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Mental Health: an Islamic Pespective

By Dr Husni Hammuda
“Worry, sadness and depression are normal human conditions that usually come we all feel at times. What is not usual is for these feelings to persist indefinitely. We must seek help when prolonged depression shows not sign of going away…”

Rajab: a very special month of seeking forgiveness

By Sheikh Abdul Hamid Lachporia
“Beloved People of Imaan! What does it signify when we repeat: “Ih’dinas Seerathal Mustaqeem” [Guide us on the Straight Path]. The Straight Path is the path that leads directly to Almighty Allah and it is the path trodden by all the Ambiya Alayhim Salaam. The Straight Path that we are praying to Almighty Allah is not the path devised by any particular race, community or by any particular religious group…”

Hagar, and the power of Nothingness…

By Dr Kamran Riaz
“Sacrifice is about giving up everything and anything that we hold dear, but it is also to give up one’s sense of nothingness, which is often the last remaining possession of one who has nothing. To put it another way, it means to sacrifice your sense of being a victim and giving up even your feeling sorry for yourself.Sometimes, giving this up is more difficult that giving up everything in the world.

But perhaps this is why this sacrifice is required—to bring in the power of the Divine, the power of nothingness must be given up in return. Hajar understood this. So must we.”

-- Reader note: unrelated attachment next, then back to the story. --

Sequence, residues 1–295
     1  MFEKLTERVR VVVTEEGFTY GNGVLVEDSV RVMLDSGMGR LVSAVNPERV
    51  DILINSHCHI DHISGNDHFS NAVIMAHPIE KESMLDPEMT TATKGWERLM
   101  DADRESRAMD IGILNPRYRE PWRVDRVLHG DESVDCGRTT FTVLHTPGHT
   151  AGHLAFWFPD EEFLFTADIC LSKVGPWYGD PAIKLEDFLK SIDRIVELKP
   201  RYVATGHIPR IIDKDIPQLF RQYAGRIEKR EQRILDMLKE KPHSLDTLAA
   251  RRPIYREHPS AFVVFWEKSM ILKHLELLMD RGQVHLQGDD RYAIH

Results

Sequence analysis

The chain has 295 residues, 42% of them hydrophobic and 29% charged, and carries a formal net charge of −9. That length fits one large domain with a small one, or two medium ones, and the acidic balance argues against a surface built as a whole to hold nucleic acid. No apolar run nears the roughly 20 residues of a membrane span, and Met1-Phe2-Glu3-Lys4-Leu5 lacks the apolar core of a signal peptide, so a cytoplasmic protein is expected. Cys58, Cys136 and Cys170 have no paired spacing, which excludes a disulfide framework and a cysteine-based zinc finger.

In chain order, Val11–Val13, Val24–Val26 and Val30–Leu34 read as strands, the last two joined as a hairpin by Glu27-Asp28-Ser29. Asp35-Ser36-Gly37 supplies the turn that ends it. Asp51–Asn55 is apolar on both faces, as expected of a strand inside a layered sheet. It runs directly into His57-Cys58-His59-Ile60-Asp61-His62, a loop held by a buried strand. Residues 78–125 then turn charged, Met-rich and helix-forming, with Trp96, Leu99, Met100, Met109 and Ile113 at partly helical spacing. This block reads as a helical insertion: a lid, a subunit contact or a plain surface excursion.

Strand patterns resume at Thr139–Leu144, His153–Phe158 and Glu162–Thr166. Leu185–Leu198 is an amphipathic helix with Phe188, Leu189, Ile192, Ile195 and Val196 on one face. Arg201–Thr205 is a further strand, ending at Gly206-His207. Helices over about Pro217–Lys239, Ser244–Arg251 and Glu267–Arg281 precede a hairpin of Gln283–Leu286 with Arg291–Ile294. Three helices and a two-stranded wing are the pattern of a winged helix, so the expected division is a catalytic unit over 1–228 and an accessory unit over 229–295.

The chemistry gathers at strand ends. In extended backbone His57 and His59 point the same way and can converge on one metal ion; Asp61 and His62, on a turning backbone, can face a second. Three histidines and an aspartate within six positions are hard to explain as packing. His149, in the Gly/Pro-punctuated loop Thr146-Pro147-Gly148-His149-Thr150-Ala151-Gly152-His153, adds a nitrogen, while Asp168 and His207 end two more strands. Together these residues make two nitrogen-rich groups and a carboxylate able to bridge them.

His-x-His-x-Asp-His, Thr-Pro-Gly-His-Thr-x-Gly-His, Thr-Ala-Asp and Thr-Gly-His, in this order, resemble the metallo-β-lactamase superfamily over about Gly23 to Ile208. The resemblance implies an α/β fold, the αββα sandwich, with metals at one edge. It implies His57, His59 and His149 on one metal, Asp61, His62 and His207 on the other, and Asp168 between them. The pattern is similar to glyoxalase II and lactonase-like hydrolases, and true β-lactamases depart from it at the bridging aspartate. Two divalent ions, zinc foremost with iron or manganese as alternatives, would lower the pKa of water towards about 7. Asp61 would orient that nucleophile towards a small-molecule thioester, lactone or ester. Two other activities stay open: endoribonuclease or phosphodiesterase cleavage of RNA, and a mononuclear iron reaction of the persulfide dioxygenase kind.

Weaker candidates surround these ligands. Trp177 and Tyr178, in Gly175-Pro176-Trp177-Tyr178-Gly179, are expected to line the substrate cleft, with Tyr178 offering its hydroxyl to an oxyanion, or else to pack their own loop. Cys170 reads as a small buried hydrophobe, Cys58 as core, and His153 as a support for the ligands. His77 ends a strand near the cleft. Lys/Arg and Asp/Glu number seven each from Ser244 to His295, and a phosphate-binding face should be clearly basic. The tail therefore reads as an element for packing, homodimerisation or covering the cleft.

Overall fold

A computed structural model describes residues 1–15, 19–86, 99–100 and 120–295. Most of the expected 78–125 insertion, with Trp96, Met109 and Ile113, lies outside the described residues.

Ayat: verse, sign and miracle in Al-Qur’an

By Dr Husni Hammuda
“There is a saying in Portuguese, that a man isn’t a man until he has done three thiings: He has become a father, he has planted a tree, and he has authored a book. This reminds me of a Hadith of Prophet Muhammad sws, which says that there are three things that live on after our death: A righteous child that prays for him, an ongoing charity that benefits others, and knowledge that he left behind to guide people to good deeds.”

Jail for Circumcision?

By Rabbi Allen Maller
“Jewish and Muslim religious groups have condemned a bill in Iceland’s parliament that would ban circumcision for non-medical (i.e. religious) reasons. Even a Bishop in Reykjavik, warned that if it passed Jewish and Muslim people would feel “unwelcome” in Iceland…”

Contemporary challenges to Islam and Muslims

By Abu Aaliyah
“‘I think it must have been easy enough in earlier ages in the Christian world, and is still easy in those parts of the Muslim world which remain traditional, to hold to a simple faith without much intellectual content. I do not believe this is any longer possible in the modern world, for the spirit of our times asks questions – questions for the most part hostile to faith – which demands answers, and those answers can only come from informed and thoughtful faith, from study and meditation.’

‘Whatever our religion, we can no longer be sure of holding onto it out of habit or by an act of will. We have to be, if not theologians, then at the very least people who study their religion and who think about…”